The guy’s been governing under “emergency” powers for 30 years. As we speak, his security forces have reportedly cut off access to Facebook and Twitter in order to handicap tomorrow’s protests. And at least eight leaders of the Muslim Brotherhood have been arrested with more doubtless to come in order to weaken the opposition.
Asked if he would characterize Mubarak as a dictator Biden responded: “Mubarak has been an ally of ours in a number of things. And he’s been very responsible on, relative to geopolitical interest in the region, the Middle East peace efforts; the actions Egypt has taken relative to normalizing relationship with – with Israel. … I would not refer to him as a dictator.”
He also appeared to make one of the famous Biden gaffs, in comments that could be interpreted as questioning the legitimacy of protesters’ demands. Monitor Cairo correspondent Kristen Chick, other reporters in the country, and activists have generally characterized the main calls of demonstrators as focused on freedom, democracy, an end to police torture, and a more committed government effort to address the poverty that aflicts millions of Egyptians.
Biden urged non-violence from both protesters and the government and said: “We’re encouraging the protesters to – as they assemble, do it peacefully. And we’re encouraging the government to act responsibly and – and to try to engage in a discussion as to what the legitimate claims being made are, if they are, and try to work them out.” He also said: “I think that what we should continue to do is to encourage reasonable… accommodation and discussion to try to resolve peacefully and amicably the concerns and claims made by those who have taken to the street. And those that are legitimate should be responded to because the economic well-being and the stability of Egypt rests upon that middle class buying into the future of Egypt.”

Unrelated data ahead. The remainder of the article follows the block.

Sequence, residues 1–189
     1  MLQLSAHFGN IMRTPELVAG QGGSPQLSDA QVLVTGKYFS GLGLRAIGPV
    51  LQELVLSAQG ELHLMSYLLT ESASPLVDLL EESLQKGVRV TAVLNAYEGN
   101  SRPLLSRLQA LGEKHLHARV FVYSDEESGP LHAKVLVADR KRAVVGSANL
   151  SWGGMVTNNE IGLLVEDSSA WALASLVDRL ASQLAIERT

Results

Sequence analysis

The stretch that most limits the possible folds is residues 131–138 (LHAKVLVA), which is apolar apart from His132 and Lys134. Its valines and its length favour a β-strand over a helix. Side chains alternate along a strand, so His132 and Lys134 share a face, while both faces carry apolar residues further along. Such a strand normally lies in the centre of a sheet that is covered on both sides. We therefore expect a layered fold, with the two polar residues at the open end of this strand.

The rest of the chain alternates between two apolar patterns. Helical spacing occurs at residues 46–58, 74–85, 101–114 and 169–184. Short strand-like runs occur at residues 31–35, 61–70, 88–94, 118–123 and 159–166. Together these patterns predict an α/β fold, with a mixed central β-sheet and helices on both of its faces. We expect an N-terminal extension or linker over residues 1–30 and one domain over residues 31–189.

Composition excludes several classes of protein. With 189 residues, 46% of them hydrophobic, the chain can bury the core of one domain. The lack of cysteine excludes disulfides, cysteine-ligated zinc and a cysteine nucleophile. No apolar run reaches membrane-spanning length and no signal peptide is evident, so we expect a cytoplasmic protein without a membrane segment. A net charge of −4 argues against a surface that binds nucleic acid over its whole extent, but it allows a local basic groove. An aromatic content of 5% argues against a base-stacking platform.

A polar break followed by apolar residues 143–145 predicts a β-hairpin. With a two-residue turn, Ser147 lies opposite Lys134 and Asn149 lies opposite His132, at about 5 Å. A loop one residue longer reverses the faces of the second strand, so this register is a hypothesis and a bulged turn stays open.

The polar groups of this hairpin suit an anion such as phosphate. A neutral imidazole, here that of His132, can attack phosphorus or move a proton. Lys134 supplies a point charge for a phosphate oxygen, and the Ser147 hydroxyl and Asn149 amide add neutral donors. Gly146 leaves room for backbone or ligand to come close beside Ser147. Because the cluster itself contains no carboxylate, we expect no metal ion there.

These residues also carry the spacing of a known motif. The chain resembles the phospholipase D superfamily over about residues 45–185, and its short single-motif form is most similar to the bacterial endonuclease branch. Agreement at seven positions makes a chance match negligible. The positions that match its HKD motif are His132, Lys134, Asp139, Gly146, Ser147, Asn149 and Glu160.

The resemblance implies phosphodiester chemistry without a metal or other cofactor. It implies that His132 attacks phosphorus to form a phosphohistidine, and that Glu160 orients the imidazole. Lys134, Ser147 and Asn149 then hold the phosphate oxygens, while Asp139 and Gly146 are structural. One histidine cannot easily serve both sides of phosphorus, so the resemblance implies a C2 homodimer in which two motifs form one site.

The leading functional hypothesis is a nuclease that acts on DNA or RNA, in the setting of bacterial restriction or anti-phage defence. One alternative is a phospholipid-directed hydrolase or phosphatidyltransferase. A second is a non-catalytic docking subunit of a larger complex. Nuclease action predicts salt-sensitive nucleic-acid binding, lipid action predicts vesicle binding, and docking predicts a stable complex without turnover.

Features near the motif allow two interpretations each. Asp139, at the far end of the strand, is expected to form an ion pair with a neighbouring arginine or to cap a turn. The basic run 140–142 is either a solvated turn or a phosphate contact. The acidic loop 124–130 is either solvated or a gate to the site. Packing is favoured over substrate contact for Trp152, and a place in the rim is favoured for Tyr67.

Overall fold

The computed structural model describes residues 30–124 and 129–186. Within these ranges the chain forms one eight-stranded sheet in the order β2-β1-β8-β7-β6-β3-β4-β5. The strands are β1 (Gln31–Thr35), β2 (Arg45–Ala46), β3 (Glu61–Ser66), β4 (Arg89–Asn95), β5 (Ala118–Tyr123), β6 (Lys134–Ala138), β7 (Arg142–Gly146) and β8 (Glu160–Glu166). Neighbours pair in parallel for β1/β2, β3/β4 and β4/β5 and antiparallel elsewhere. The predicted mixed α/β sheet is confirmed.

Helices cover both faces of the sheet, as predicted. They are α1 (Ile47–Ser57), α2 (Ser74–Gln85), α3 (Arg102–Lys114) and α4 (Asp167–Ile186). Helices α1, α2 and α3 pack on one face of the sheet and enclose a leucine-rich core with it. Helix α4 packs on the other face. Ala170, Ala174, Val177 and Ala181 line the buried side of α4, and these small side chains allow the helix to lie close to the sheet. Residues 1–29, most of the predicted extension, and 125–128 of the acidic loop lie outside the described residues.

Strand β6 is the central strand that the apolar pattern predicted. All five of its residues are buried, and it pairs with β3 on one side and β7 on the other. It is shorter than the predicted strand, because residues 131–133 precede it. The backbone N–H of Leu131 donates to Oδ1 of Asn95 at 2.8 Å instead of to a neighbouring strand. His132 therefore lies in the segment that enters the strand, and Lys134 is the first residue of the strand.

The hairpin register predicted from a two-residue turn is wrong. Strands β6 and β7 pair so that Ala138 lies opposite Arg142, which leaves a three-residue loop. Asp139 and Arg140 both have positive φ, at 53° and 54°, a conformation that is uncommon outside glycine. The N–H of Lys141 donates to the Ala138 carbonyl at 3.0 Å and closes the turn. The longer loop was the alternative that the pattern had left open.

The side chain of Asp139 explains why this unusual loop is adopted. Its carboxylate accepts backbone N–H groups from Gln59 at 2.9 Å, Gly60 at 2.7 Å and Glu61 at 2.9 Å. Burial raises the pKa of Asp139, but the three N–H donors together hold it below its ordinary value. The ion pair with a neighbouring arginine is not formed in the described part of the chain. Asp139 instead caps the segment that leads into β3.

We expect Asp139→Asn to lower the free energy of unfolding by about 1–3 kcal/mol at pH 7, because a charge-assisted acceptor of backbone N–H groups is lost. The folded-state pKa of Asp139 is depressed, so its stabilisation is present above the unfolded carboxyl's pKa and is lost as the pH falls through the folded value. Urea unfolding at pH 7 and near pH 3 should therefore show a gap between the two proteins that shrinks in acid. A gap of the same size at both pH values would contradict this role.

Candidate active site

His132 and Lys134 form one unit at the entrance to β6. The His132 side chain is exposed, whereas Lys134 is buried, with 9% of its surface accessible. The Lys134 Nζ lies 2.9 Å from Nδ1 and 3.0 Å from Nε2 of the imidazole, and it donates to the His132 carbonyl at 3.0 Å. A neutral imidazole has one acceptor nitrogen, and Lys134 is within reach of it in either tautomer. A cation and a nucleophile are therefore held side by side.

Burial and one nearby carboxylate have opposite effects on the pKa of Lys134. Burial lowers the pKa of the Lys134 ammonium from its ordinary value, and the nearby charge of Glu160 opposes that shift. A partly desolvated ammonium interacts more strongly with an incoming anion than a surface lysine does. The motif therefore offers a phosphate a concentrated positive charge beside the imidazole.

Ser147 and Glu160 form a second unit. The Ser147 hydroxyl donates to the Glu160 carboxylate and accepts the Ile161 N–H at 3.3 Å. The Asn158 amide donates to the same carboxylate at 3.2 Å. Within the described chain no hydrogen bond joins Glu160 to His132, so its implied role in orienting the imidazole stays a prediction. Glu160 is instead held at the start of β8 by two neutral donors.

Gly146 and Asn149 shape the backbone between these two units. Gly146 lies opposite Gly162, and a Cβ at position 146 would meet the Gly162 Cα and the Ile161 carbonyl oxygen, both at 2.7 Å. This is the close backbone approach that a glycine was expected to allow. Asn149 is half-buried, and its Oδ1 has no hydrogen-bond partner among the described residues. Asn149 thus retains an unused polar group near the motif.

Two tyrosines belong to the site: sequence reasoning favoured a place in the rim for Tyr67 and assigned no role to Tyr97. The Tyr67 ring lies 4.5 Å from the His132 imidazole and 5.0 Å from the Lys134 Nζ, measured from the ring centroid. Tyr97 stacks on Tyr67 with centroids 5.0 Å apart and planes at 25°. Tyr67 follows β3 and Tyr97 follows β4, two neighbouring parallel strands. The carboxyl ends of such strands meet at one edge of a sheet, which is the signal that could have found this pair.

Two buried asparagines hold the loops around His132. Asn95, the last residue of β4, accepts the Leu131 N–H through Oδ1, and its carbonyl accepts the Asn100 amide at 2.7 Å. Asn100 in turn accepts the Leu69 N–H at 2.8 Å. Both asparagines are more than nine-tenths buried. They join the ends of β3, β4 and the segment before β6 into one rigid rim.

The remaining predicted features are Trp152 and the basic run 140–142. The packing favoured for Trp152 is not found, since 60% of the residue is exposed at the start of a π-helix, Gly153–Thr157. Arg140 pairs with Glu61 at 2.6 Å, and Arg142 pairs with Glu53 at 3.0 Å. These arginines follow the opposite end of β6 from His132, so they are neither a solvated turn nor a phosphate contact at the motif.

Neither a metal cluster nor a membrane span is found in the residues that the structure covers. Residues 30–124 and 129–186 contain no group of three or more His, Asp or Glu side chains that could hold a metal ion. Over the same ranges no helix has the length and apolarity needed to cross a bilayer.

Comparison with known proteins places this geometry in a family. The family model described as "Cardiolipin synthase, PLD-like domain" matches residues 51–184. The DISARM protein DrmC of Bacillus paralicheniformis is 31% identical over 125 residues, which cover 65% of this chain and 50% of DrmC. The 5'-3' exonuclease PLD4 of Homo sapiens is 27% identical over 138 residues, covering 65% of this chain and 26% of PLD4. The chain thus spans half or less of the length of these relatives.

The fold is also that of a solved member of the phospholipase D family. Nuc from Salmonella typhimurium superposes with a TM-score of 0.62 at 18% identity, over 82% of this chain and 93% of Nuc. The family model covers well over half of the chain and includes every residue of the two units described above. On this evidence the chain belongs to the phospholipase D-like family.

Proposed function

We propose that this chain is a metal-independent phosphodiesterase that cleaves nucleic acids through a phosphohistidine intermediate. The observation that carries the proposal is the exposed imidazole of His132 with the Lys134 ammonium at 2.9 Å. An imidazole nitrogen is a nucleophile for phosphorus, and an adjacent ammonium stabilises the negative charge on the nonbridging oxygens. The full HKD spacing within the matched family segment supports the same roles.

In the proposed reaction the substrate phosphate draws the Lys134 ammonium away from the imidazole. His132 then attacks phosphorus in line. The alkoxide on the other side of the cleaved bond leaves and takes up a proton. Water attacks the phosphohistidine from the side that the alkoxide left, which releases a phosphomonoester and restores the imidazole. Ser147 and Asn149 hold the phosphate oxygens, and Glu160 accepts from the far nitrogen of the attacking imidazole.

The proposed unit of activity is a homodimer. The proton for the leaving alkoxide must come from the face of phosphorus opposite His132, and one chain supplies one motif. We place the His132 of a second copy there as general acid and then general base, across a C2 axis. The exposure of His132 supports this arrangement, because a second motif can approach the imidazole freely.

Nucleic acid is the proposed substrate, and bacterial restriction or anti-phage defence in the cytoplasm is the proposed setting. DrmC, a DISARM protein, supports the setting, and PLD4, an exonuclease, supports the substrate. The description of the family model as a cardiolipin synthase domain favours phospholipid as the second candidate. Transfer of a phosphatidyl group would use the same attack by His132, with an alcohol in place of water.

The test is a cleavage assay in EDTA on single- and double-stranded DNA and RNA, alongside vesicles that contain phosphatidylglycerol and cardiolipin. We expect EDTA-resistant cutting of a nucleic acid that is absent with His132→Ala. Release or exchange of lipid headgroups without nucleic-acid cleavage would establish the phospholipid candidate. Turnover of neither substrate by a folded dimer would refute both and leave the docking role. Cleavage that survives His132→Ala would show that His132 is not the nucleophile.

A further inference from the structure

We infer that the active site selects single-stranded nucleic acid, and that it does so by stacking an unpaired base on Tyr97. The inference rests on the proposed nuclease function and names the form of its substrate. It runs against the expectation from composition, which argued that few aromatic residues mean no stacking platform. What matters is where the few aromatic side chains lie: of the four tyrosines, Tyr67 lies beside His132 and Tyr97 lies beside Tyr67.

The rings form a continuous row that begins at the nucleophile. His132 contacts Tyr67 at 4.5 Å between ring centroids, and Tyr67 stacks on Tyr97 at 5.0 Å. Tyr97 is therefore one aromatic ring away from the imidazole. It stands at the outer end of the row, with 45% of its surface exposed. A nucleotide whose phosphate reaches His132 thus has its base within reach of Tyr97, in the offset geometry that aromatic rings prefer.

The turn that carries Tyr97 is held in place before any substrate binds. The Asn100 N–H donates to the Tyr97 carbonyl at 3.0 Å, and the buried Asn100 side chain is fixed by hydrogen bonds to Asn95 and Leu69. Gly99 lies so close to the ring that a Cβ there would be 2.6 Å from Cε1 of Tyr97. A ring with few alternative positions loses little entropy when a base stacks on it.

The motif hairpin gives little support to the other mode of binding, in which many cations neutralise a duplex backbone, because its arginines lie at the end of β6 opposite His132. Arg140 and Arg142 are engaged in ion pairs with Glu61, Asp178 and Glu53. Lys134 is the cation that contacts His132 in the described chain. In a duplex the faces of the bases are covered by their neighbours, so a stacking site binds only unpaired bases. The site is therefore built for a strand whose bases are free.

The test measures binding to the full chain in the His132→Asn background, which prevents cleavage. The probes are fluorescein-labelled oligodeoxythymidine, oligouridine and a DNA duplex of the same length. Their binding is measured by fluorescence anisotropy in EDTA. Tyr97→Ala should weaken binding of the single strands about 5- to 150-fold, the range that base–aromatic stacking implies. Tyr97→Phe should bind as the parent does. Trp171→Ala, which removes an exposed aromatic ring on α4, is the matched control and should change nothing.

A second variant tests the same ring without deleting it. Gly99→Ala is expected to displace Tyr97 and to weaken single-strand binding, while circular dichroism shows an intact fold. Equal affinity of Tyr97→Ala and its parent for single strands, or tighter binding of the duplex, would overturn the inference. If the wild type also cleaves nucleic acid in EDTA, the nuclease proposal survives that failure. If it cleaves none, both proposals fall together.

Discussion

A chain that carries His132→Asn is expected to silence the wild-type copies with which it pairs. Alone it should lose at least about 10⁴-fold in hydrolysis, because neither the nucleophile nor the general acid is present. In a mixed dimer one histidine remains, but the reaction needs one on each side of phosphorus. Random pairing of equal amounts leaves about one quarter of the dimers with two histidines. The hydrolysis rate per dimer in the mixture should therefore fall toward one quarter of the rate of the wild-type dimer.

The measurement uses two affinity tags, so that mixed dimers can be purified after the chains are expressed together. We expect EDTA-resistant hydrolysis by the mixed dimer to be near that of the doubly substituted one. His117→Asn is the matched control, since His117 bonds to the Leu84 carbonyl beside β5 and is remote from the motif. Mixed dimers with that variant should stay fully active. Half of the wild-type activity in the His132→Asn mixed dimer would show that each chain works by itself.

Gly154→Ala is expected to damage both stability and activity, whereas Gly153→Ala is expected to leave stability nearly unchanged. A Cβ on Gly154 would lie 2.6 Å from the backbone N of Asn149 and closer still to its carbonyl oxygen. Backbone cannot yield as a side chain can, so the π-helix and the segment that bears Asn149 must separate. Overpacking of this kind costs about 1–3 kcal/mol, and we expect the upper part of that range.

As CSM notes, the protesters would surely be curious to know which of their demands for democratic reform is “illegitimate.” I get that we’re in a diplomatic bind here and that Biden’s hands are, to some extent, tied. Remember what happened last week when Harry Reid described Hu Jintao, not (entirely) inaccurately, as a “dictator” before walking it back? But if Obama’s leaning on Mubarak to democratize in order to earn the U.S. some goodwill on the Arab street, how do Biden’s comments here serve that end? Are the two playing some weird version of good cop/bad cop, with the VP responsible for stroking panicky Arab autocrats while the president plays to the people in the street? Mixed messages aren’t going to win much support if Mubarak is toppled after decades of America propping him up. Sure hope this bet-hedging works.
Here’s a snippet from the PBS interview, with Biden visibly uncomfortable at having to talk about this. Elsewhere in Egypt news tonight, Time mag wonders if Iranian nuclear apologist Mohamed ElBaradei is the answer. In that case, to paraphrase Gertrude Stein, what is the question?
Update: What could go wrong?
Demonstrators in Egypt have protested against rising prices and stagnant incomes, for greater freedom and against police brutality. But religion, so often a powerful mobilizing force here, has so far played little role.
That may be about to change.
With organizers calling for demonstrations after Friday prayer, the political movement will literally be taken to the doorsteps of the nation’s mosques. And as the Egyptian government and security services brace for the expected wave of mass demonstrations, Islamic groups seem poised to emerge as wildcards in the growing political movement.